The 10 o'clock Appointment - Part 3

We both sat back down in silence for a moment, neither sure how to bridge the gap. Finally, he spoke. “I'm trying, honey. I'm trying to do as you asked, but it's so hard. I need the liquor since I have nothing else in my life. Every day is just so hard. It's so hard being alone. Having nothing, being nothing. I can't-“ I was supposed to play the part of a therapist. He was supposed to be just another client. But seeing him now, seeing him bare his soul, I knew I was fooling myself. Ivy was right, this counsel was beyond my capabilities. “Are you still drinking?” He looked at me with such doleful eyes. “Yes.” “How much?” “Nearly-“he paused. “Nearly same as before.” “Then we're done here.” I said with an air of finality. “No, please! I can change! I-“ “Dad- Henry. You said that last time. And the time before that. You said that when mom died.” I was shaking. “I can't do it. I can't watch you waste away. I've tried to help. I failed.” “No, honey, you didn't! I'm doing so much better because of you!” He was lying. I could see his physical condition deteriorating. If anything, he was doing worse. “Henry Price, I'm sorry, but I can't help you.” I really thought that maybe this time I could. I let myself believe that maybe he could change. I agreed to this meeting knowing full well it was him knocking at my door. I was being a fool, he hadn't changed since last we met. “Please- please don't do this, honey.” “I'm going to have to ask you to leave now. Our time has expired.” I could feel the emptiness in my chest, a total disconnect from my own emotions. I was operating on auto-pilot. “Furthermore, I will no longer be able to take you in as a client. I can refer you to other therapists if need be. But effective immediately, your patronage has been terminated.” The naked grief on his face said so much. But, just as it normally goes, his grief transformed to anger. He stared at me in open contempt one final time. “Fine. So be it. It seems I've lost both a wife and a daughter then.” I watched him leave, staring at his back the entire time. He never turned back once. Never tried to speak nor argue. Henry Price walked with a purposeful stride. He had found his resolve. THE END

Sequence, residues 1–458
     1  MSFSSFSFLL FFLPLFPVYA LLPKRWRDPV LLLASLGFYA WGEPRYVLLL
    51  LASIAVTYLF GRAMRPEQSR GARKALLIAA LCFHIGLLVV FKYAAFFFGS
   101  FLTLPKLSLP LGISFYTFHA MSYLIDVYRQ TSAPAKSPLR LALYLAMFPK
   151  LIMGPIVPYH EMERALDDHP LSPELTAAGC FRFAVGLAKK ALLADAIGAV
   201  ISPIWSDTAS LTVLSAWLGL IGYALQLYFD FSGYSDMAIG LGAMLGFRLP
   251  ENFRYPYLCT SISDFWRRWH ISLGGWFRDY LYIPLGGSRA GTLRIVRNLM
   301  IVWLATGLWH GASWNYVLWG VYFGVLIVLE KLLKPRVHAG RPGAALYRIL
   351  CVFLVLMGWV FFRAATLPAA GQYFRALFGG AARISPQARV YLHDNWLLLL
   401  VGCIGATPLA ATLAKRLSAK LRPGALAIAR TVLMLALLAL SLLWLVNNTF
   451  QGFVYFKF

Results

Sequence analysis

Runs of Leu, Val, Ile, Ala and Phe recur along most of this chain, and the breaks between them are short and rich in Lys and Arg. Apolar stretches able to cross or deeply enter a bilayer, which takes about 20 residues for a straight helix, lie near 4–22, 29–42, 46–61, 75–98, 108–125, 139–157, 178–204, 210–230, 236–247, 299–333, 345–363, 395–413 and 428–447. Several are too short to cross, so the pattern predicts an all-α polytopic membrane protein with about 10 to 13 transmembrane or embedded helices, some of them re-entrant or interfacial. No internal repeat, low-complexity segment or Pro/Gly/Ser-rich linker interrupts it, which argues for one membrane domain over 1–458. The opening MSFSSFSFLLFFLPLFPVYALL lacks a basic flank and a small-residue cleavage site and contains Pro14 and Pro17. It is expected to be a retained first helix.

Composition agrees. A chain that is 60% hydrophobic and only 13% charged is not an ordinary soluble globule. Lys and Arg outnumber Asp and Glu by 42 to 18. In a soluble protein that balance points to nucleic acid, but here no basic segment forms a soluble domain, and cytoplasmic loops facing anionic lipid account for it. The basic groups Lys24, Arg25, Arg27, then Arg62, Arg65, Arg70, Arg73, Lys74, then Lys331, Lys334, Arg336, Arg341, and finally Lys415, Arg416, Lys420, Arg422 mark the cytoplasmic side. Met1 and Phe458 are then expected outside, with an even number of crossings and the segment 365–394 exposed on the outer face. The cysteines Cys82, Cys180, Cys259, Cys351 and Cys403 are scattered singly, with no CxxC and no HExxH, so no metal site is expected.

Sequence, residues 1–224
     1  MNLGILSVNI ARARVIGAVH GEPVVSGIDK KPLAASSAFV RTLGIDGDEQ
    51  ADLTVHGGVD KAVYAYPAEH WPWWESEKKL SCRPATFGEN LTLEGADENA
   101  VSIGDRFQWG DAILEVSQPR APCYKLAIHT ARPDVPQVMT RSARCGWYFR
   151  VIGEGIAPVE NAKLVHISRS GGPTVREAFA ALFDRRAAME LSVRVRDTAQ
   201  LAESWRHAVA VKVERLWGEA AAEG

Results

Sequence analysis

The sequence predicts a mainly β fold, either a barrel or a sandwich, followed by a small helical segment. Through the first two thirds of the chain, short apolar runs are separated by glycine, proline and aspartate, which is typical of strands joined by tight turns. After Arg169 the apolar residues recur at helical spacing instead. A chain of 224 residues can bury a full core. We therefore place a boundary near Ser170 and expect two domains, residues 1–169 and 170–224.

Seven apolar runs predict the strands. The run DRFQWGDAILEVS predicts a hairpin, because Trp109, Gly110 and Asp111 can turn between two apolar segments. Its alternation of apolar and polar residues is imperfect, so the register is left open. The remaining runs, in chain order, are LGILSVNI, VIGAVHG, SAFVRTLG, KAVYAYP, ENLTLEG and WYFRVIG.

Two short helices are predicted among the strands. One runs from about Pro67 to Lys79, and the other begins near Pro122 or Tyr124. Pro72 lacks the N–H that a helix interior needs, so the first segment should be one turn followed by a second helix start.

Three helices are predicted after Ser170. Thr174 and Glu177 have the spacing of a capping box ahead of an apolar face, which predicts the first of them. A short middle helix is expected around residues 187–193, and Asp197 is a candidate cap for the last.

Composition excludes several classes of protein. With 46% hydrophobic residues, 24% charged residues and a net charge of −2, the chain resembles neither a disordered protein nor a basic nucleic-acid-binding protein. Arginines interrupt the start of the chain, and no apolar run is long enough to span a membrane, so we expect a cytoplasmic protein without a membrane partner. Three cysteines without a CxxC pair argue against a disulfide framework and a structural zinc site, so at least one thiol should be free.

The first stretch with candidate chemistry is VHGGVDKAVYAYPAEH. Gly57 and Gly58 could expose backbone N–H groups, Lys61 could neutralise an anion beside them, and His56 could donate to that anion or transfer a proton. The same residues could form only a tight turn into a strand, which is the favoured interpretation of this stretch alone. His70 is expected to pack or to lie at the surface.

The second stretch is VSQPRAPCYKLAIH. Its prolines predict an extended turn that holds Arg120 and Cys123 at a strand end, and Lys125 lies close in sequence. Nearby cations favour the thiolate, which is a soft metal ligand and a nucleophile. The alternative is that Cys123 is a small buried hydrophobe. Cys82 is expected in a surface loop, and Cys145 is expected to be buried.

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Jane Doe

Aspiring writer, budding linguist.

Cape Town, South Africa